Theresa Hak Kyung Cha, Permutations (still), 1976, 16mm film transferred to digital video, black and white, silent, 11:40 min. Courtesy of UC Berkeley Art Museum and Pacific Film Archive

Theresa Hak Kyung Cha, Permutations (still), 1976, 16mm film transferred to digital video, black and white, silent, 11:40 min. Courtesy of UC Berkeley Art Museum and Pacific Film Archive


LIVING IN MIRRORS: the life that belongs to me

A selection of short films by women artists explore the moving power of portraiture and feminism.

This film screening features short films and videos by an intergenerational group of women artists who turn the cameras on themselves and others to access interior worlds. It includes a rare 16mm presentation of Permutations (1976) by Theresa Hak Kyung Cha, among other works originally shot on analog film by filmmakers including Stephanie Barber, Julie Dash, and Anne Charlotte Robertson. Illustrating the endless possibilities of film and the moving image, the artists in LIVING IN MIRRORS envision the screen as fertile ground for examination, construction, and projection of the self.

LIVING IN MIRRORS is guest curated by curator and filmmaker Gina Basso and San Francisco Cinematheque director Steve Polta. Basso’s concurrent Screening Room program seen only, heard only, through someone else’s description features films by women and non-binary artists that explore how images and narratives construct meaning and artifice. Polta previously guest curated certainty is becoming our nemesis, which focused on the blurring and ambiguity of identity, in McEvoy Arts’ Screening Room in 2020.


Valie Export
Gedichte, 1966–80

Julie Dash
Four Women, 1974

Theresa Hak Kyung Cha
Permutations, 1976, 16mm

Anne Charlotte Robertson
Pixillation, 1976

Valie Export
Syntagma, 1983

Stephanie Barber
Oh My Homeland!, 2019, 16mm

Ilene Segalove
Coal Confessions, 1972


Gina Basso is a San Francisco-based independent film programmer and visual artist. She has organized programs for revered San Francisco movie houses including The Roxie Theater, The Castro Theater, and Alamo Drafthouse. Additionally, she has curated programs for Design Within Reach, San Francisco, CA; Hunter’s Point Shipyard, San Francisco, CA; and the Northwest Film Forum, Seattle, WA and is currently the film curator for San Francisco Museum of Modern Art. In her creative practice, she uses video to explore transitional or altered states of being. Through moving collage, handmade animation, and sound she draws on a rich tradition of experimentation with various forms, materials, and processes, combining found and original footage to harness the energy of poetic montage. Her video work has been presented in the Bay Area at San Francisco’s Cinematheque’s Crossroads Festival, Artist Television Access, San Francisco, the Roxie Theater, HAXAN Film Festival, Antimatter Experimental Film Festival, Vancouver, BC, and online via She was the 2017 recipient of a Curatorial Travel Grant for film research awarded by the French American Cultural Society and San Francisco French Consulate.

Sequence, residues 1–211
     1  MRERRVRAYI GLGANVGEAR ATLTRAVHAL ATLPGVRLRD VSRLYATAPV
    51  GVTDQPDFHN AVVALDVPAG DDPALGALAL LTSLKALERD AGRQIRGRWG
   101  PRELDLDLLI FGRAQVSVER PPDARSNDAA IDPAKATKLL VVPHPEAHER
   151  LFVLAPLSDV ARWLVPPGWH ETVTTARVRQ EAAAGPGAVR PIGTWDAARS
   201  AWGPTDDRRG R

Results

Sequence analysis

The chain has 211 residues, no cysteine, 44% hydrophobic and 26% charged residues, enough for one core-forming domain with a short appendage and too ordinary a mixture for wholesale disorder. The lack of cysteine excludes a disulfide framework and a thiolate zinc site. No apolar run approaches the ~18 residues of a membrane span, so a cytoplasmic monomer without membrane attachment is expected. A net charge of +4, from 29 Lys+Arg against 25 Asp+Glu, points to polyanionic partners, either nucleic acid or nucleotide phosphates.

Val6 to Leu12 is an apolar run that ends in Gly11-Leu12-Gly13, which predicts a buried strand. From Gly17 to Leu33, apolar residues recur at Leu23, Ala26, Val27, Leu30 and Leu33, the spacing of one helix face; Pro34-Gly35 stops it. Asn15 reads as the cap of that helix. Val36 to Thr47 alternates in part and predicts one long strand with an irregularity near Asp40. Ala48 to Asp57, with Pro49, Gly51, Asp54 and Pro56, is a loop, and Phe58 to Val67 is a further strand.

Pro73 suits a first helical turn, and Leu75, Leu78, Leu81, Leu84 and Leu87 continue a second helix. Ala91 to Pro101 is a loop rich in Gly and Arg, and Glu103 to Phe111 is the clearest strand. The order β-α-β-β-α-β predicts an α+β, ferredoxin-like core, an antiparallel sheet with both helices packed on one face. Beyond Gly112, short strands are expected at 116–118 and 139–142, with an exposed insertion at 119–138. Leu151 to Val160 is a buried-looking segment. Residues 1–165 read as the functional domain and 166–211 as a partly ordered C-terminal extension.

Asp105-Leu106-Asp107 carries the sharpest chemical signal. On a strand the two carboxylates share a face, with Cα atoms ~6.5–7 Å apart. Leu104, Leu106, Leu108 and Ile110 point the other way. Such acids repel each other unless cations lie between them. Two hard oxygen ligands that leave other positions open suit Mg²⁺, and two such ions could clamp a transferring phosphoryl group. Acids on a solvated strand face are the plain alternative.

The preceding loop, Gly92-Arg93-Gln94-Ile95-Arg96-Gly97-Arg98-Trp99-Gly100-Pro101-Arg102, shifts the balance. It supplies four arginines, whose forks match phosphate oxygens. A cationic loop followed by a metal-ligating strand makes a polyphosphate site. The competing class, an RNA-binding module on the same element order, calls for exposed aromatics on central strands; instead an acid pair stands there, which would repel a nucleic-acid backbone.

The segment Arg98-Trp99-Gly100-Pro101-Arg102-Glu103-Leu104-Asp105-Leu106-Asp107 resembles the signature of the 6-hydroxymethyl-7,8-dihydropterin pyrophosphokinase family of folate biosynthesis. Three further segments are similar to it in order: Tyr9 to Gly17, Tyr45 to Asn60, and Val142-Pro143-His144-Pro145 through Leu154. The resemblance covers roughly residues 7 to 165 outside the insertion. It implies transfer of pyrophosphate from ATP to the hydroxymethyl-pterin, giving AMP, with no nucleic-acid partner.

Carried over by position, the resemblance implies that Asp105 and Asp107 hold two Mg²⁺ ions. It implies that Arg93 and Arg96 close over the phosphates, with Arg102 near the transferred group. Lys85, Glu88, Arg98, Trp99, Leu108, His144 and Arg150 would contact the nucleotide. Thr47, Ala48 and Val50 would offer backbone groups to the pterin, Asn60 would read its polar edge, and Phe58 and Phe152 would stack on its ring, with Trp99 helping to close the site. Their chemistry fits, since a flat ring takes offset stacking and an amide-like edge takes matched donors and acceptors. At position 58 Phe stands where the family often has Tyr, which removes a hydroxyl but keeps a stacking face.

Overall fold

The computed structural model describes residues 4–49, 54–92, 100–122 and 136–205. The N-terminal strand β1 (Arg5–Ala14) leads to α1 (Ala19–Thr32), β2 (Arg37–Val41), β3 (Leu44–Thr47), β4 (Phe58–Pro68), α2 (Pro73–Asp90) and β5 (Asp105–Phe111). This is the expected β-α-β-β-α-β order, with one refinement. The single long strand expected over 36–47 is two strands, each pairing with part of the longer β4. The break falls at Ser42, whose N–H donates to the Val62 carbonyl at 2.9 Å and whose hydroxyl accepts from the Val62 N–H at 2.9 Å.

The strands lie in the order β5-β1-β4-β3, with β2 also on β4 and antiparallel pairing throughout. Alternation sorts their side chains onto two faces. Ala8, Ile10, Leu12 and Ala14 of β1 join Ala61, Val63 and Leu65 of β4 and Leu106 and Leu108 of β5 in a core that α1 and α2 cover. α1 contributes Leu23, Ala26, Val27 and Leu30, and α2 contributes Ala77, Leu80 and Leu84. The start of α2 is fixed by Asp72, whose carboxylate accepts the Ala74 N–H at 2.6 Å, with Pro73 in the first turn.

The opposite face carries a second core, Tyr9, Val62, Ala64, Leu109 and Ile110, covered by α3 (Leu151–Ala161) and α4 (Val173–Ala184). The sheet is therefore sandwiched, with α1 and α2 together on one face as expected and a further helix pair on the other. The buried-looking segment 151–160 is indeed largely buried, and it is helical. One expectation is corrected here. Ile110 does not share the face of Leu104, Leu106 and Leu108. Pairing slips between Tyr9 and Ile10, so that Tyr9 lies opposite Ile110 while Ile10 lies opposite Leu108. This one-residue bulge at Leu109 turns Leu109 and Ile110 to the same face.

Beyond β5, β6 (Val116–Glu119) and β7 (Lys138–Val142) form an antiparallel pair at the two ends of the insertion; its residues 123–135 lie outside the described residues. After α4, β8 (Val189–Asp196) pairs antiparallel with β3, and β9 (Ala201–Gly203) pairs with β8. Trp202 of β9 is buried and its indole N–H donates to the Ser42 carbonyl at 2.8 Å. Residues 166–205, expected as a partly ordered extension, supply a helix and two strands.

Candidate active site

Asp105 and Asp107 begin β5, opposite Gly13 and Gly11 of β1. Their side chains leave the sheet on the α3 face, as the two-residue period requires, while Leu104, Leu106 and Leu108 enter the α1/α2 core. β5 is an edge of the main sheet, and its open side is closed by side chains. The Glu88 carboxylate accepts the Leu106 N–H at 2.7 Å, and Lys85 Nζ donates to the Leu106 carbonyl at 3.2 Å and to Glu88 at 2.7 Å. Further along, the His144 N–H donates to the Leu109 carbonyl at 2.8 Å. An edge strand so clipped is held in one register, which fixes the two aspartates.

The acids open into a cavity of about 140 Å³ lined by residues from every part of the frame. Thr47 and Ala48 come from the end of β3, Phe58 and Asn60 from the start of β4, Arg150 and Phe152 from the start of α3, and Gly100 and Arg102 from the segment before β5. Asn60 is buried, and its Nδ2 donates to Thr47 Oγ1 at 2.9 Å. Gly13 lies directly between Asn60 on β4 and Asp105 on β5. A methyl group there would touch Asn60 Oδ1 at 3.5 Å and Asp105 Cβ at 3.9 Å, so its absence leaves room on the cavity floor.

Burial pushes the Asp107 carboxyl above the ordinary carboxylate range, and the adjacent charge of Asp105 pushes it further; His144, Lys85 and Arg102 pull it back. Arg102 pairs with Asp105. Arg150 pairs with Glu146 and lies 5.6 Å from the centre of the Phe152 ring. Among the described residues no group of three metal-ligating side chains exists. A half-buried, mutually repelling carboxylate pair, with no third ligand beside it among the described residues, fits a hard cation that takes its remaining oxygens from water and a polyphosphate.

Steve Polta is the Director of San Francisco Cinematheque. He is a co-founder and current curator of Cinematheque’s CROSSROADS film festival, presented annually since 2010. He holds an MFA in Filmmaking from the San Francisco Art Institute and a Masters of Library and Information Science (MLIS) from San José State University. He is co-editor, with Brett Kashmere, of Craig Baldwin: Avant to Live! documenting the film and curatorial work of the Bay Area artist to be co-published by Cinematheque and INCITE Journal of Experimental Media in 2022. He lives in the San Francisco Bay Area.


San Francisco Cinematheque, founded by filmmaker Bruce Baillie in 1961, is the Bay Area’s only dedicated venue for avant-garde/experimental, underground, and personally expressive film and video work. With a base of support strongly grounded in the Bay Area artistic community, Cinematheque proudly contributes to national and international cinematic discourses. Cinematheque’s mission is accomplished through its work in three primary areas: curated public programming, publications, and archives. Its annual CROSSROADS film festival celebrates recent (and rediscovered) artist-made film, video, and performance cinema.

LIVING IN MIRRORS is co-presented by McEvoy Arts and San Francisco Cinematheque in conjunction with the exhibit Image Gardeners.

Digital presentation of Four Women courtesy of the UCLA Film & Television Archive.